In layperson’s terms, the song “Santa Claus is Comin’ to Town” has it right.  Santa is concerned with “naughty” and “nice” – that’s the list he checks twice. Oh, he knows if you have been “bad” or “good” but that is a matter for a different jurisdiction. The word “naughty” denotes mild disobedience while the word ”bad” denotes something that is unsatisfactory, unacceptable, negligent or unwelcome and is not the responsibility of Santal law but the responsibility of other jurisdictions with advanced civil and criminal codes. The capacity for the Clerk (pronounced Clark) to recommend and for Santa to take action is subject to these jurisdictional realities. Santal law is neither criminal nor civil, it turns out.

IMG_1269 - 2

Santa came! He came!

Santa Claus is Comin’ to Town: “The Boss” Takes the Stage

This story should not end without a rendition of Santa Claus is Comin’ to Town. John Frederick Coots and Haven Gillespie wrote this seasonal smash hit in 1934. It was first performed on the Eddie Cantor show and it shot to the top of the charts. It has been recorded innumerable times by artists such as Perry Como, The Four Seasons, Bing Crosby, The Beach Boys, Lou Rawls, The Carpenters, Neil Diamond, George Strait, The Supremes, and Andrea Bocelli, to name but a few.

But by far my personal favourite performances of Santa Claus is Comin’ to Town are by Bruce Springsteen. His rock version has become a staple in his playlist for concerts all over the world. No matter the time of year, fans often come prepared with Santa hats and Christmas cards to throw on stage giving Springsteen (and sometimes the E Street Band) the whimsical boost necessary to live up to their trademark high-energy performance with Springsteen exhorting the crowd to sing along. The audience responds in kind in anticipation of Santa’s arrival – even if it may be months until Christmas Eve. There are two Springsteen versions that are particular favourites of mine, partly because both feature the big man Clarence Clemons on saxophone and bass vocals, and partly because 31 years separates the performances. Have a listen by clicking on the links below:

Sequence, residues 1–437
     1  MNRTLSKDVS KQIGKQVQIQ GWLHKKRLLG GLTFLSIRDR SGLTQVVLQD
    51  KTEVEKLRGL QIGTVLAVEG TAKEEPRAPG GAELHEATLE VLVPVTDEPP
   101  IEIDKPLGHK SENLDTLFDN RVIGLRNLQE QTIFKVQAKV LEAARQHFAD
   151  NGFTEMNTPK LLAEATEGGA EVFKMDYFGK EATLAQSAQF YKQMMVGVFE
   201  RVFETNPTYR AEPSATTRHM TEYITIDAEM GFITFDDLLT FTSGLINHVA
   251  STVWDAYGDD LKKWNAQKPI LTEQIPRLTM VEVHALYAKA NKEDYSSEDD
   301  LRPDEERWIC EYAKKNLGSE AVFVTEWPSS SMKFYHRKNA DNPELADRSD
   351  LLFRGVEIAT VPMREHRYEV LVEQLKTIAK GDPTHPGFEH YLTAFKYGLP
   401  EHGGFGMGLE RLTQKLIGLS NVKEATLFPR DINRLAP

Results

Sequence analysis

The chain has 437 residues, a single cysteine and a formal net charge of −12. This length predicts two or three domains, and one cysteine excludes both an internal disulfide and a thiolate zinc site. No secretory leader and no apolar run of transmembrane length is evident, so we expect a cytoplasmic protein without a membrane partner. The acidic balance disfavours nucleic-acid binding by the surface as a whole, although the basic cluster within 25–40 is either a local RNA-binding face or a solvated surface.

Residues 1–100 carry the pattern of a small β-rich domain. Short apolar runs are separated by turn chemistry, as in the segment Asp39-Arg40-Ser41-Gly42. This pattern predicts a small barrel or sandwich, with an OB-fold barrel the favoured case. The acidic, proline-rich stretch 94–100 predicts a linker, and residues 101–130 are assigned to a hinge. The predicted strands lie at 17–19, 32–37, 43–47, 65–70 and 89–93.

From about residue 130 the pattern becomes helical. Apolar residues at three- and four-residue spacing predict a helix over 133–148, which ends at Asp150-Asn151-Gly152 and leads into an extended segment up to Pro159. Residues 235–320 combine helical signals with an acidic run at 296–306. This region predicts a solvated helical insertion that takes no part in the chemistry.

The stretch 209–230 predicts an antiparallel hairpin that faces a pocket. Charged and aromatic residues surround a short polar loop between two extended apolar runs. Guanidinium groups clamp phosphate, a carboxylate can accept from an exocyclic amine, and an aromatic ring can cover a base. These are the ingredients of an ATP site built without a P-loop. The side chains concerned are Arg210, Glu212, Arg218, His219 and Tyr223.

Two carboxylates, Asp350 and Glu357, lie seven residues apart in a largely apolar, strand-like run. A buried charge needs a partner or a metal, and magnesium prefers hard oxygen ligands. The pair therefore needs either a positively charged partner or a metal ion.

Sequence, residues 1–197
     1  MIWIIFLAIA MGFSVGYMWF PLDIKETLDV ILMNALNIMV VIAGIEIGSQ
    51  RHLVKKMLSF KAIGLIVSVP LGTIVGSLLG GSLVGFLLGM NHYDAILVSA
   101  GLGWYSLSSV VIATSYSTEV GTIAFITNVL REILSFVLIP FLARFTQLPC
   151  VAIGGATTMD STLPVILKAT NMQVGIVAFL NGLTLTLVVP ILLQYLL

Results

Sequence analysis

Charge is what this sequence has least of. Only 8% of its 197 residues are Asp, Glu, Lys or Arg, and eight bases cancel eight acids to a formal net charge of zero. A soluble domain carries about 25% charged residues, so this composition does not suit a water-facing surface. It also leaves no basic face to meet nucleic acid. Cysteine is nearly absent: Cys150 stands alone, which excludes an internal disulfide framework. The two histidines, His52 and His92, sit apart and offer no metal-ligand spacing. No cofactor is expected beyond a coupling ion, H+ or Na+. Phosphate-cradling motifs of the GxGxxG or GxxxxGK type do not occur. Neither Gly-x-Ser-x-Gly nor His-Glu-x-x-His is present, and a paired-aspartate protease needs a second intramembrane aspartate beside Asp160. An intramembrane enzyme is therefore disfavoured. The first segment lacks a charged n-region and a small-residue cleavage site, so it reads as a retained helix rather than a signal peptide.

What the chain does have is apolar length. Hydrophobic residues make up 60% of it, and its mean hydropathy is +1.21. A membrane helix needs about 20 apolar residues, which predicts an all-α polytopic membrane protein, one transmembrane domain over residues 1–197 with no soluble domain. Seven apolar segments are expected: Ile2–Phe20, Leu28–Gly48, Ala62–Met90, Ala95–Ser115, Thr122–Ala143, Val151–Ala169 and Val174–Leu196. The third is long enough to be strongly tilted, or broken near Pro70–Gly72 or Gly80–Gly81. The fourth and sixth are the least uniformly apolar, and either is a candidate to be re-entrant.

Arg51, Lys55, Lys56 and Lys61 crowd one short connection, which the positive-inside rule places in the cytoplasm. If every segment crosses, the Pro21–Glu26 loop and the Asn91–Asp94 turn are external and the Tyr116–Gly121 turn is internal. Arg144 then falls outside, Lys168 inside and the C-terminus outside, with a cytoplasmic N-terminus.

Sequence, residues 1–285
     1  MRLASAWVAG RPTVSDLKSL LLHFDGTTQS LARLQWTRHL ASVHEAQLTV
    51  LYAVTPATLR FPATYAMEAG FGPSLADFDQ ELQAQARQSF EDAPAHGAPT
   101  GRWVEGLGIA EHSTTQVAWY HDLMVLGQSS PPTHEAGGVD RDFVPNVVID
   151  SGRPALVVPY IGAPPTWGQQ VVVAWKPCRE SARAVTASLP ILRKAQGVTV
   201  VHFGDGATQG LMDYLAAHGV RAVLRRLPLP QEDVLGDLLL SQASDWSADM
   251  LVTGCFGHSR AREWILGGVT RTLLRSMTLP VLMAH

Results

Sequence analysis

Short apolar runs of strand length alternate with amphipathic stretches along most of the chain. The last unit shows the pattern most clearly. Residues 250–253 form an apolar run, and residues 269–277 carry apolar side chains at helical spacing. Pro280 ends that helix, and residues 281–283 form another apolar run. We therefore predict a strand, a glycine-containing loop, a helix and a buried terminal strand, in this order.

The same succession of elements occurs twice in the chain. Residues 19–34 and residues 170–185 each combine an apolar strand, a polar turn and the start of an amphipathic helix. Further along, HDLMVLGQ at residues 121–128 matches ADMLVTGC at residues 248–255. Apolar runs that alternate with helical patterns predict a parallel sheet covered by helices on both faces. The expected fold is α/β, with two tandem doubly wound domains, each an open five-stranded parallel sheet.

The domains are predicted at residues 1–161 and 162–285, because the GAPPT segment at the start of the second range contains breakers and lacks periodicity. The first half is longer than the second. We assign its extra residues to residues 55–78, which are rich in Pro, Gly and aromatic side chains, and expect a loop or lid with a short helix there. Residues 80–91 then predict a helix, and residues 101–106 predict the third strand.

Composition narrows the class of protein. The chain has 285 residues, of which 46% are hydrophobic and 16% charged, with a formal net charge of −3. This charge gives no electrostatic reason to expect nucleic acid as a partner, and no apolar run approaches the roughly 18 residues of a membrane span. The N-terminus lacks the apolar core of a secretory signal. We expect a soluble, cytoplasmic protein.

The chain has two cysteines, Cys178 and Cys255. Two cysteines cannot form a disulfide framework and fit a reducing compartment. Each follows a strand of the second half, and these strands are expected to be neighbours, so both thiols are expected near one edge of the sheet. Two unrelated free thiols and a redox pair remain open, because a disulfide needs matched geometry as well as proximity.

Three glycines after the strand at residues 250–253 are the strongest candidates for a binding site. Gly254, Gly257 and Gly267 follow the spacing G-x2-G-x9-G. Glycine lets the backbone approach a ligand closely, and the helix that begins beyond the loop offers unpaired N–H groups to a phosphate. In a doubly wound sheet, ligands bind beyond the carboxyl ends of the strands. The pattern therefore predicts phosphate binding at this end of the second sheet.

1. A young Bruce Springsteen performs Santa Claus is Coming to Town 1978.09.20, Capitol Theatre, Passaic, N.J. from “Live in Passaic – September 20th 1978” (JEMS Archive-Brucevideos).

https://www.youtube.com/watch?v=KsDieLwIaaw

 

  1. It’s 31 years later and a more mature, high energy (in my opinion) Springsteen performs Santa Claus is Comin’ to Town with the E Street Band – Live at HSBC Arena in Buffalo, New York 2009-11-22.

https://www.youtube.com/watch?v=V2NhmrootkY

There are many other Springsteen versions of Santa Claus is Comin’ to Town out there and it fun to watch and listen to them all.

  1. Bonus: And, of course another Springsteen classic is Merry Christmas Baby, which always puts me into the rock and roll spirit of Christmas. The Buffalo 2009 version is here

https://www.youtube.com/watch?v=B803AXVYzeE